I have had some time to reflect on the fate of Mark Jackson, because we’ve seen this coming for months now. My glut of late season home game tickets allowed me to be present for such epic failures as the loss to the hapless Knicks as well as Cleveland and Charlotte. All were teams that in a competitive Western Conference, at home, the Warriors should have had the focus and the plan to put them away, or at least 2 out of 3. Combine that with a reasonable view of Joe Lacob during games executing on multiple single, double and occasionally, with the help of the folks sitting beside him, rare triple face palms, it was clear that there was some frustration on the part of ownership. Mark Jackson’s performance wasn’t something that should come as a surprise to anyone because he wasn’t hired to be a game coach.
If you are a frequent reader of the Warriorsworld Forums then his firing will come as no surprise. The entire season has been filled with displeasure around his;
- Hockey style line change substitutions
- Frequent ISO plays best exemplified by their loss in the final game
- Failure to call time outs when the opposing team is on a run, the anti-Popovich
- Lack of a clear offensive scheme, especially late in games
Go back to the beginning, the Warriors are a franchise that, outside of the We Believe team, had been mired in failure for the entirety of Chris Cohan’s ownership. Multiple head coaches, (11 in 20 years) blown draft picks (Joe Smith), poor player management (Chris Webber, Latrell Chokewell), and a complete lack of respect for the fan base (Robert Rowell, Chris Cohan). The Warriors were not even on the national sports radar unless it was to cover another miss step or train wreck. If you have a company, an asset, a business, a sports franchise with such a track record of failure and a toxic culture you have to turn it around before you can really start to build. It can start with expectations, outside interest and validation, respect, bold moves even if they may not actually generate long term results (See Yahoo).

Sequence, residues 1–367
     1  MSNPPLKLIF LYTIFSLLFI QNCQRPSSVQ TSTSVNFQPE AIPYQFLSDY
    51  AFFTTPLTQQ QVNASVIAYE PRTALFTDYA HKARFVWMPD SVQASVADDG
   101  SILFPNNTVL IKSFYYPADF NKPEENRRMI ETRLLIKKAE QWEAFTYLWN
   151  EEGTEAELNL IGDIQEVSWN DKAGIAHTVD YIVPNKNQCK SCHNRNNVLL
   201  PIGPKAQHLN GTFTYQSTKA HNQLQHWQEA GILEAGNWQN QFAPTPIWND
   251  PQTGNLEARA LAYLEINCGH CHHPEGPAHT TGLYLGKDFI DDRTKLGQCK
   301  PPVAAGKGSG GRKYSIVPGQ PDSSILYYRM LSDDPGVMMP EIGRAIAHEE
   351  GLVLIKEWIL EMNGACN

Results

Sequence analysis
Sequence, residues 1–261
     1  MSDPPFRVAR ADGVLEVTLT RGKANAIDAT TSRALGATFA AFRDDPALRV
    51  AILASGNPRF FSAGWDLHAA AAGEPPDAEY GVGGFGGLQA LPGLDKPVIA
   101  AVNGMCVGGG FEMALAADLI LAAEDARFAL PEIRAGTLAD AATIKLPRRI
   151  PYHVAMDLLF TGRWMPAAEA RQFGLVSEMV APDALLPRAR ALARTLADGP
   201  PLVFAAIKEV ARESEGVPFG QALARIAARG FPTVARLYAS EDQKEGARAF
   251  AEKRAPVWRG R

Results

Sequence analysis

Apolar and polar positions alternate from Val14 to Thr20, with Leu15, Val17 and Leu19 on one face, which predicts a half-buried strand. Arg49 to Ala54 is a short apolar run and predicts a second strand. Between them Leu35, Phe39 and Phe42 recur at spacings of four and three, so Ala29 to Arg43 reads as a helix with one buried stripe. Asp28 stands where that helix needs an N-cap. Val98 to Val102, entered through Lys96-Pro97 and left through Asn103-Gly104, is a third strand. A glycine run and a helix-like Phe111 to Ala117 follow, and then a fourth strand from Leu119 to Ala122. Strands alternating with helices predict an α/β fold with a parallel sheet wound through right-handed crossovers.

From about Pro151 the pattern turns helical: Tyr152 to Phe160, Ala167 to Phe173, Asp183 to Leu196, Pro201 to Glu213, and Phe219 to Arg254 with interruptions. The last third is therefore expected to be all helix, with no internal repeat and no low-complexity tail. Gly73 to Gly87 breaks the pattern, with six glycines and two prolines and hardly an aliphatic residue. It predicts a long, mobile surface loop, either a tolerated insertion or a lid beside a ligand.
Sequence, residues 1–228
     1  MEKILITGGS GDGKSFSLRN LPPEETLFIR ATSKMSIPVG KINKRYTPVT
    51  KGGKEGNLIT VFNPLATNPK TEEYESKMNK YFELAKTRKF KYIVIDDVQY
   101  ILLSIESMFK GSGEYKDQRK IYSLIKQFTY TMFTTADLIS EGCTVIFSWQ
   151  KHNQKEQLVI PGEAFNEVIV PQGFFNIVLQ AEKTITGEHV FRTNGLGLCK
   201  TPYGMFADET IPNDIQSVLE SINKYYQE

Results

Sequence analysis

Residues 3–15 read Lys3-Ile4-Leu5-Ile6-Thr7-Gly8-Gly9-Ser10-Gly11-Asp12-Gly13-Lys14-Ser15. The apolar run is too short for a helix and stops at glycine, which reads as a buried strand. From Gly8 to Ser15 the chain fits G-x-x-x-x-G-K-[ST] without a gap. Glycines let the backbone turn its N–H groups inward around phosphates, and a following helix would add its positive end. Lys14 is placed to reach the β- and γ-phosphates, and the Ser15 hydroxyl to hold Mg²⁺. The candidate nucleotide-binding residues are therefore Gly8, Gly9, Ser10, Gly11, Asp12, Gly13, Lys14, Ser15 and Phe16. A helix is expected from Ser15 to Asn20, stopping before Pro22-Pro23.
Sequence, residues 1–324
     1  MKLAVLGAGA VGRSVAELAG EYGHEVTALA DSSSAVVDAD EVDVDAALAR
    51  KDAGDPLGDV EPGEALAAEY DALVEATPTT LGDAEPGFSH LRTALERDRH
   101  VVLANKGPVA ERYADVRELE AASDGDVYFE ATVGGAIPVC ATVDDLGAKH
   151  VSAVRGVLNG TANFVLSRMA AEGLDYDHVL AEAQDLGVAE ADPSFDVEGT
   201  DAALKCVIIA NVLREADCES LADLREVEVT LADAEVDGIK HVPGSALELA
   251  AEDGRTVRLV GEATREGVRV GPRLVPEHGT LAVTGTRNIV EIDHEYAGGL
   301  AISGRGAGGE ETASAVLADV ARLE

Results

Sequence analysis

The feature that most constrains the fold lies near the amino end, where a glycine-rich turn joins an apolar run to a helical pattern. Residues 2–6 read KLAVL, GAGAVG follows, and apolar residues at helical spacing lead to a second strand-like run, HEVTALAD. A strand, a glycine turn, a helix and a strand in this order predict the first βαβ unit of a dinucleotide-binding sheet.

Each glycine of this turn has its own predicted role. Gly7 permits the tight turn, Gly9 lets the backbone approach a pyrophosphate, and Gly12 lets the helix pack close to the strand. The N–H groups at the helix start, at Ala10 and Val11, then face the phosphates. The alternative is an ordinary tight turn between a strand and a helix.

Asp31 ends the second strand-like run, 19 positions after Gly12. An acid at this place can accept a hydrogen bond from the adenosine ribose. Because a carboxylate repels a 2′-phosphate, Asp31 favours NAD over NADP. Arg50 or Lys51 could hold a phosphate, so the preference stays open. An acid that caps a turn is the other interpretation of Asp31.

Hiring Mark Jackson solved many of the Warriors perception and national media problems right off the bat. It didn’t matter if he didn’t have experience coaching, or putting together a staff, or diagraming a play. He immediately put the Warriors on the map with a former broadcaster who’s friends in the media would immediately rally to his side. The Warriors expressed excitement over the credibility and leadership he would bring to the organization. Jerry West was excited because they got the tandem of Jackson and Malone to help build out a staff of coaches with experience that could support the new coach.
Jackson was brought in to dramatically change the culture and perception of the Warriors, and he did. The work he was brought in to do was completed, and sometimes the person you bring in to right the ship isn’t the same person you have sailing the ship. I’ve been in this same position, if you aren’t open to feedback (Erman, Scal, West), if you don’t manage up effectively (Lacob, the guy that sometimes sits next to Lacob at games) or sideways (Kirk Lacob) then you have no support and no growth path. You came in as the hammer needed for the nail but not every problem is a nail and the only tool you developed are additional hammers. Mark Jackson was let go because he didn’t grow into the coaching role and didn’t build a staff around him to provide the coaching needed for the Warriors to reach their potential.
Movie speeches, inspirational quotes and faith got this team as far as it could go without coaching, but with all of the talent on this team, they need a coach as much as a leader. Hopefully they can find both or else the Warriors will be in the same place next year but for different reasons, they might win more at home, do a better job of beating bad teams but they won’t go on the road and beat Miami, Memphis, Indiana and Portland or take a good Clippers team to the brink without their best interior defender. You want leadership and execution, either alone isn’t going to get you to a championship.